Tony speaks to my most important criteria there, though I might put it differently.  I want to see a painting that has heart, feeling.  It may tell a story or create a mood, but I need to know that the artist cared about his or her subject.  If there’s an obvious emotional involvement, it creates emotional involvement in the viewer, too. 

    I don’t mean overtly sentimental work, or something that hits you over the head with a political message (though that can be effective in some cases.)  I mean something that shows the artist cared, and cared deeply.  Paintings done by rote or as an exercise seldom have that emotional impact that catches the eye, the attention–and the heart.

    Freshness and originality–both elusive elements–grow out of caring about your subject, medium, or whatever.  Generally, you don’t set OUT to be original, it develops naturally–and it shows.  I don’t mean you should paint something outrageous, of course, just to be eye-catching.  But enter something that really says YOU. 

    Naturally, you don’t want to try to second-guess the judge–that’s generally pretty transparent, and might even have the opposite effect.  I’ve known people who have entered paintings they thought were what that particular judge liked, based on his or her own art, but that’s generally a mistake–unless the judge has a HUGE ego, and most don’t!  It may appear manipulative–never a good plan.  I’d feel more likely not to pick something that looked like it was trying to be similar to my work–if I had a recognizable style, anyway. 

    I enjoy and appreciate work that’s very different from what I’d paint, myself.  When I’m judging, an industrial landscape or a gorgeous abstract are as likely to win, if they’re wonderful, as a portrait or landscape that’s more my own genre.  This goes back to not trying to second-guess the judge, of course.  Enter your best, enter what speaks to you, and you have the best chance of catching the judge’s eye as well.

        Some artists imagine that the Big Names win all the prizes, but as a judge I can tell you that’s usually not so–not based on the names alone, anyway. Often art is judged “blind,” without even knowing who the artist is.  In some shows, the signature is covered, so the work truly stands on its own, not on the reputation of the painter.  I like that...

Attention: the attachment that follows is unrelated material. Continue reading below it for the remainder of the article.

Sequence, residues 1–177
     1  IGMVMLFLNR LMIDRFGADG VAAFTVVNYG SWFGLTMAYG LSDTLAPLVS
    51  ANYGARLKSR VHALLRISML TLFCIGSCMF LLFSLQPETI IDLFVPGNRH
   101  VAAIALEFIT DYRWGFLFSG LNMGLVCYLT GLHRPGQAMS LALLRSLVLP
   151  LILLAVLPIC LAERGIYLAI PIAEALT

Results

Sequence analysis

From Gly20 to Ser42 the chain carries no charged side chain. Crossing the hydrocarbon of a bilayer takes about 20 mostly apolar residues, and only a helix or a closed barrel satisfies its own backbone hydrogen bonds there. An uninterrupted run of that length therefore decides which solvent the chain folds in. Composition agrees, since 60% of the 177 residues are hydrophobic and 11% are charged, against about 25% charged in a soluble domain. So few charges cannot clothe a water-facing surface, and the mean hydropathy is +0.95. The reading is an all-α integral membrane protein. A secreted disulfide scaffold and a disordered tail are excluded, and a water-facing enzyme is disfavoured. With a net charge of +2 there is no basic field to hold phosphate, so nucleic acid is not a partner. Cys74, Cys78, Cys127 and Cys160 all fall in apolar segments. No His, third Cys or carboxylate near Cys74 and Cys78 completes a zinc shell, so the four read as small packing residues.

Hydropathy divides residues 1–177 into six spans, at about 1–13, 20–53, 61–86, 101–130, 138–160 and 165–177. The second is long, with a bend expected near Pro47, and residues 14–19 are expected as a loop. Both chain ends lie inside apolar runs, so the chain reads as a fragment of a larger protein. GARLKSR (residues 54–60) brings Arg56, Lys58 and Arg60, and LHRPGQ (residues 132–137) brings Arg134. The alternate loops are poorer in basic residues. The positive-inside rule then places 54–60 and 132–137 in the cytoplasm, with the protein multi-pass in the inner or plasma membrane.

And of course you would never enter work that copies another’s, no matter how well it turned out.  Learning by copying is a longstanding tradition, but it’s meant for your edification only. (I know of someone who entered a copy, got picked by a judge who was not aware of the situation, and then had the prize stripped when the truth was discovered.  Talk about humiliating!)       

    I hope these insights into what a judge looks for are helpful–most important, to me, is that you remember that you are the artist.  You benefit from what you paint, what you care about.  You grow.  Your work shows it.  Whether or not a specific judge sees that is immaterial, but perseverance DOES pay off, in the heart and soul of your art.

Sidebar:
A Quick Checklist for Entering a Show

1. Read the prospectus thoroughly.  That may sound elementary, but it’s easy to overlook small (or large!) requirements.  Make sure your work fits the theme.  (If something’s not clear, contact the show organizers.)

2.  Make it easy on the judge–follow the guidelines for submissions, to the letter.  Put all the information requested on your slide and on the entry form.  When faced with hundreds of entries, there’s no time to guess–good work may be eliminated out of hand. (If you're asked for digital images, the same applies--read the prospectus and answer all the questions...)

3.  Be sure to send in your entry well before the deadline, if you can.  Last minute entries can get lost in the mail, even if you’ve sent it under the wire.

4.  Enter something you’re excited about!  Send something you love.  If you can’t bear to part with it permanently, mark it NFS (not for sale), but enter what you consider to be your best.

5.  Be philosophical–this is the most important item on the checklist.  It’s not necessarily a reflection on you OR your talent if you don’t get in a specific show or don’t win a top prize when you do.  It’s sometimes luck of the draw, and it does depend largely on what the specific judge is looking for.  Kick back, sulk if you need to (but for 24 hours only!) then get right back up on the horse!

Comments

(Anonymous)

you just never know....

I just had the privilege of putting 700 watercolor entries into a presentation for the jurors of the show. All I can say is, enter something! You just never know what pieces of art will get picked. Don't assume that your painting is not good enough. With multiple jurors, this is especially true. Their tastes may be totally different, which definitely adds diversity to a show.

Re: you just never know....

Excellent points, thank you for the input.